“Heidar Ghiai.” Encyclopaedia Iranica, ed. Ehsan Yarshater, Vol. X, Fac. 6. Columbia University, 2002.
“André Godard.” Encyclopaedia Iranica, Columbia University, 2002.
“Gabriel Guevrekian.” Encyclopaedia Iranica, Columbia University, 2002.

“Mohsen Foroughi.” Encyclopaedia Iranica, Columbia University, 20


  • Eero Saarinen: A Reputation for Innovation 

    Nordic Heritage Museum   Seattle, WA  May 23- August 20

    Eero Saarinen died on September 1, 1961. He had just turned 51. Saarinen was a shooting star whose light shed brightly upon American architecture with buildings that were at the cutting edge of technology to become instant icons of modernism. He also influenced product designs for living introducing such iconic modern furniture as the tulip chair and the womb chair. He was catapulted into the architectural limelight early in his career by winning together with his famous father, Finnish architect Eliel Saarinen and brother in law Robert Swanson a widely publicized national competition for a museum on the Mall in the nation’s capital. Everyone soon knew the design was the brainchild of the young 29 year-old Eero. While never built, the Smithsonian Gallery of Art nevertheless, succeeded in changing how museums were designed in America and the world. Twenty years later Saarinen designed an airport that changed the way airports were built in America and the world. Both were in Washington DC. Both were significant projects to Saarinen. The Smithsonian Gallery of Art established him as the rising beacon of modernism in a country not quite ready to embrace the movement. Dulles Airport was in his own words his best building. But Washington was also briefly Saarinen’s home. During the early 1940s when he served in the OSS–Office of Strategic Services and the precursor to the CIA–Saarinen lived in Georgetown and had an office in the city.

  • Frank Lloyd Wright: Wright in Baghdad: urban life more beautiful

    At age 90, Frank Lloyd Wright publicly presented his drawings for a consummate urban center in Baghdad, Iraq. The plan for an island in the Tigris, a “Greater Baghdad Cultural Center” called Edena after the garden of Eden, included a commissioned opera house he translated into a civic auditorium, a planetarium, a landscaped park with pools, foun­tains and waterfalls, buildings for ancient sculpture and contemporary art, a bazaar, a botanical garden and zoological park, a monument to the eighth century caliph, Harun al-Rashid, a processional boulevard and butterfly bridge lined with merchant kiosks, a casino, amphitheatre, heliport, radio and television towers, and a circular university campus across the river, all related in a constellation of spirals and ziggurats.[Fig. 1: Aerial view 5733.008] Other drawings showed a commissioned post and telegraph building for downtown Baghdad.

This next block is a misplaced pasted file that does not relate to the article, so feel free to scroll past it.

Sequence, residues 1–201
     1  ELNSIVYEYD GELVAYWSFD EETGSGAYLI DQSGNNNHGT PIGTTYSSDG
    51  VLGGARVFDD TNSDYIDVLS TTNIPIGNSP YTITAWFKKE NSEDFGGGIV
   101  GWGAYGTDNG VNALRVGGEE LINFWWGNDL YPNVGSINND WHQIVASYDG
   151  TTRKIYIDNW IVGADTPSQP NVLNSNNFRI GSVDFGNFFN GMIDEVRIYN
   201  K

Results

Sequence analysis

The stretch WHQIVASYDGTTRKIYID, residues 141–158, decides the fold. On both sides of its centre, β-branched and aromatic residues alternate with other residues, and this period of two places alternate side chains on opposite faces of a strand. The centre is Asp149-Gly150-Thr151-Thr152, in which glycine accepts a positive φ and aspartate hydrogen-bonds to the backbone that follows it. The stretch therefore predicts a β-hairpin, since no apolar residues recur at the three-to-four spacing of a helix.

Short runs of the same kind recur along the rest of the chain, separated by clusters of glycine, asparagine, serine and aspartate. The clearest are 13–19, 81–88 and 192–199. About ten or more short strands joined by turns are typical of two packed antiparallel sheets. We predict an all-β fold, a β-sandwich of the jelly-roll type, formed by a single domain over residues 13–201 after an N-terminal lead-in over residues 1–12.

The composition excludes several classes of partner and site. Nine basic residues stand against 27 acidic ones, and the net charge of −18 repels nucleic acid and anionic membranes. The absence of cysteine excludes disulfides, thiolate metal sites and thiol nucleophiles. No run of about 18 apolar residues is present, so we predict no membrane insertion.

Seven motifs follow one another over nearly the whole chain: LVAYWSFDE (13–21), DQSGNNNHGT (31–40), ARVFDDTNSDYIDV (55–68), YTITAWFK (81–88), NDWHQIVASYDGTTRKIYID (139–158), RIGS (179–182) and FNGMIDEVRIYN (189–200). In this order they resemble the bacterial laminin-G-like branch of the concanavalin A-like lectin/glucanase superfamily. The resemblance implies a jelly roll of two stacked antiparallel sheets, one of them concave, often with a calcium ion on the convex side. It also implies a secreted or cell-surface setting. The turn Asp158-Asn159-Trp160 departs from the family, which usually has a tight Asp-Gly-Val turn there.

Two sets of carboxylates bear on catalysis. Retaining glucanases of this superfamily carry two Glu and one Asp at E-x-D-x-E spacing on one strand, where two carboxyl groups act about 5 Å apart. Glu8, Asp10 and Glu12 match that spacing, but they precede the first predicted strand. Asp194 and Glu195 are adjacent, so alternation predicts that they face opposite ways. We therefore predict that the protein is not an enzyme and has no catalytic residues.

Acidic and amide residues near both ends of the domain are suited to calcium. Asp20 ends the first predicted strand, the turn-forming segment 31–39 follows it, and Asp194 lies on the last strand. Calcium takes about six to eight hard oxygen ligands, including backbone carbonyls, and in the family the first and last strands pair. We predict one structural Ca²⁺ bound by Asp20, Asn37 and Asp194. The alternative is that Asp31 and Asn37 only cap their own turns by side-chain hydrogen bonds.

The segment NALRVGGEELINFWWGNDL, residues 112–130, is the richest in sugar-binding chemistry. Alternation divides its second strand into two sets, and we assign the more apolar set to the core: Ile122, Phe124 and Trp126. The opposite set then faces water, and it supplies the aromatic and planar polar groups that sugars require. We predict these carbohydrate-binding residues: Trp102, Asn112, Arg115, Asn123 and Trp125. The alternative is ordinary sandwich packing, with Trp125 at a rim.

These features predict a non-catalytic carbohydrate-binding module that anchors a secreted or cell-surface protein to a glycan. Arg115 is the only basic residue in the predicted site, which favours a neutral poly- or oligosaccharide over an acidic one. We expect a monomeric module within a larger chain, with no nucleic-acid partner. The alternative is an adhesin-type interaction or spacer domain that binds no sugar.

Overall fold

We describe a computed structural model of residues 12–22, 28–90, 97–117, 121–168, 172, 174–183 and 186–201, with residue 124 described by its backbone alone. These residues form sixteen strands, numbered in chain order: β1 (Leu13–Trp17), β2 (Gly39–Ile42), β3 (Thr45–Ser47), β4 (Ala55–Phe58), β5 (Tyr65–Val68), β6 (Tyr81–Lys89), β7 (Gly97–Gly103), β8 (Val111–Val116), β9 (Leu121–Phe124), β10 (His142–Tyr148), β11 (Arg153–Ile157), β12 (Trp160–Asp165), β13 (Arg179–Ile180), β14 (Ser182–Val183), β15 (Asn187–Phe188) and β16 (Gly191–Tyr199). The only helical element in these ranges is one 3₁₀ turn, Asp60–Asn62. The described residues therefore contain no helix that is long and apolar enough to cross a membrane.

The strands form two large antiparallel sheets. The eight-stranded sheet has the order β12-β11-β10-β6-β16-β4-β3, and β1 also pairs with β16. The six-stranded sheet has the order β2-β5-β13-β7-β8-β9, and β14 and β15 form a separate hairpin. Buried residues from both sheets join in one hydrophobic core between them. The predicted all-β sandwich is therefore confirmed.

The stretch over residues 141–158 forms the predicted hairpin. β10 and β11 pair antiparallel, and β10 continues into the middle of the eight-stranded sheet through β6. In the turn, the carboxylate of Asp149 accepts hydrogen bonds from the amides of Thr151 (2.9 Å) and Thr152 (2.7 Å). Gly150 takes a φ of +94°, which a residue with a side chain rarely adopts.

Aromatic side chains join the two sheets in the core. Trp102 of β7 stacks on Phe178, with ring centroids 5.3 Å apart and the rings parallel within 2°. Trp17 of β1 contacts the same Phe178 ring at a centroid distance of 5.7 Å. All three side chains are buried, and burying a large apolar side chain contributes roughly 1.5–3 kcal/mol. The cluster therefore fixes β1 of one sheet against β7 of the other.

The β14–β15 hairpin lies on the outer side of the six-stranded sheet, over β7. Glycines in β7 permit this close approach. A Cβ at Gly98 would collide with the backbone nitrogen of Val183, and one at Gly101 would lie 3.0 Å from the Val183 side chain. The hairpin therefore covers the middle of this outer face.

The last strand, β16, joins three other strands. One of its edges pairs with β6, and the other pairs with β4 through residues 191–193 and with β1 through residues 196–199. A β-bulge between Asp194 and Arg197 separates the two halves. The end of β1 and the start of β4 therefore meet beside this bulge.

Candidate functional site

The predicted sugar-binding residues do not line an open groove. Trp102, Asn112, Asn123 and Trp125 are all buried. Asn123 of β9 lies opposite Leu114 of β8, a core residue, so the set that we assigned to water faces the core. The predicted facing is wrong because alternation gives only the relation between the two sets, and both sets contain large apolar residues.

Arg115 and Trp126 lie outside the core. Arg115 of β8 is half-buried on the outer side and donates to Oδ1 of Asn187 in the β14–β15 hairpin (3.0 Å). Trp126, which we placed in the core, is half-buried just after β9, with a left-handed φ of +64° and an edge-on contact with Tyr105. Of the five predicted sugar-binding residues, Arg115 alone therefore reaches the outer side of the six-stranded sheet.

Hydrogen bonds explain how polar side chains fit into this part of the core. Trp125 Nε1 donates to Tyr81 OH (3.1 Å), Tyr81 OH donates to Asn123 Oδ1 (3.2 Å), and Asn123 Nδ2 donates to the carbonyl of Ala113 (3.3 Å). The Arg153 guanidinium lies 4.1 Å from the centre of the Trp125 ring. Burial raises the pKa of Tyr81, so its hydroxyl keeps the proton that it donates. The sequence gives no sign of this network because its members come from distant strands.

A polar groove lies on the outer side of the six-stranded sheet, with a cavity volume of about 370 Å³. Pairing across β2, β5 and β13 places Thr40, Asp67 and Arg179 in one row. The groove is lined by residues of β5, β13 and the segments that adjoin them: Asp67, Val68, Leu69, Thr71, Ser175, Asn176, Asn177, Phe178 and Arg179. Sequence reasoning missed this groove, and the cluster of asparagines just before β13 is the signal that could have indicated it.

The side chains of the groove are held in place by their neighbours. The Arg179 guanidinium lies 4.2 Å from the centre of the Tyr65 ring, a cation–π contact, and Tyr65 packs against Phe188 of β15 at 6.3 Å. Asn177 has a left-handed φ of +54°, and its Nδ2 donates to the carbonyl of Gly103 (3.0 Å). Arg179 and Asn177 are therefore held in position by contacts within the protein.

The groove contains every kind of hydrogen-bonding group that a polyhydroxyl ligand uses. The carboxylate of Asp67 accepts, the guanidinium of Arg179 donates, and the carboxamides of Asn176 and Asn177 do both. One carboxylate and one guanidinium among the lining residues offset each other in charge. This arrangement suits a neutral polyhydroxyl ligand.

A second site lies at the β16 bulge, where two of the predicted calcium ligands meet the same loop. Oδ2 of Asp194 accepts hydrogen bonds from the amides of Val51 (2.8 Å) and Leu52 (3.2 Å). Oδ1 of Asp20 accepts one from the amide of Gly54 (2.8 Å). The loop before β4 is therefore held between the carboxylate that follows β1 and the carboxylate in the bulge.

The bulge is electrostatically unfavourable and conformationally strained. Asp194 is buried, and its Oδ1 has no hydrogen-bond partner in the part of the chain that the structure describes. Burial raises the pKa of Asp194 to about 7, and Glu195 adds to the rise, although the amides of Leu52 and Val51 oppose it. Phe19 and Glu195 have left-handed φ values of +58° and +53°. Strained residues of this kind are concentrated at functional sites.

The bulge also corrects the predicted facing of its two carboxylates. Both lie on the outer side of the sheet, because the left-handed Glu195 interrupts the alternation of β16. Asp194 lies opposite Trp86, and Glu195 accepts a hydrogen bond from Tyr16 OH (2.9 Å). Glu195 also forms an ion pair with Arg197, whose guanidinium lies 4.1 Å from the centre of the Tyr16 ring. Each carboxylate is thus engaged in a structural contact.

Wright was invited to design an opera house by Iraq’s Development Board, then pursuing the second phase of a successful infrastructural and architectural improvement program funded by oil revenues the new nation had negotiated with Great Britain. In 1957, the board commissioned four other Baghdad projects to architects from the West: Walter Gropius, Baghdad University; Le Corbusier, sports complex; Gio Ponti, Development Board headquarters building; Alvar Aalto, a museum. The story of Wright in the context of this unique Baghdad architectural venture is the subject of a book manuscript I am now finalizing. Discussions of the Baghdad projects include Mina Marefat, “Wright’s Baghdad” in Anthony Alofsin, ed. Frank Lloyd Wright, Europe and Beyond (UC Press: Berkeley, 1999), pp.184–263; Mina Marefat, “Bauhaus in Baghdad: Walter Gropius’ Master Project for Baghdad University,” Docomomo (Docomomo International, Issue 35, September 2006) pp.78–86; Mina Marefat, “1950s Baghdad Modern and International,” TAARII Newsletter (The American Academic Research Institute in Iraq, Issue 2-2, Fall 2007) p.1–7; Mina Marefat, “Architecture Baghdad: Les Dessins de Frank Lloyd Wright,” Beaux Arts Magazine (No. 233, October 2003) pp. 68–73; Bruce Brooks Pfeiffer, “Frank Lloyd Wright and Baghdad,” Frank Lloyd Wright Quarterly, (The Frank Lloyd Wright Foundation, Vol. 15, No. 1, Winter 2004) pp.4–17; Neil Levine, The Architecture of Frank Lloyd Wright (Princeton University Press: Princeton, 1996), pp.383–404; Joseph Siry, “Wright’s Baghdad Opera House and Gamage Auditorium: In Search of Regional Modernity,” Art Bulletin, (CAA, Vol. 87, No. 2, June 2005) pp.265–311.

    The exhibition, attended by some 600 guests at the Iraqi consulate in New York City, marked the twenty-third birthday of Iraq’s King Faisal. Olgivanna Wright described reporters and photographers surrounding her celebrity husband. Olgivanna L. Wright, Our House (New York: Horizon Press, 1959), p. 214 Many of the drawings also appeared in a Wright coordinated article, “Frank Lloyd Wright Designs for Baghdad,” Architectural Forum (Vol. 108, No. 5, May 1958) pp.89–101. Barely two weeks later, Time featured the Baghdad project in glowing terms under the title “New Lights for Aladdin” (19 May 1958) p.80. The New York Times also reported on the exhibition (Saturday May 3, 1958).

    Wright produced detailed working drawings for this building, commissioned to him during his 1957 Baghdad visit. The announcement of the project was made in the during Wright’s Baghdad visit, when he was photographed with the Minister of Development; “Mr. Lloyd Wright in Baghdad,” Iraq Times, May 29, 1957, p.3.

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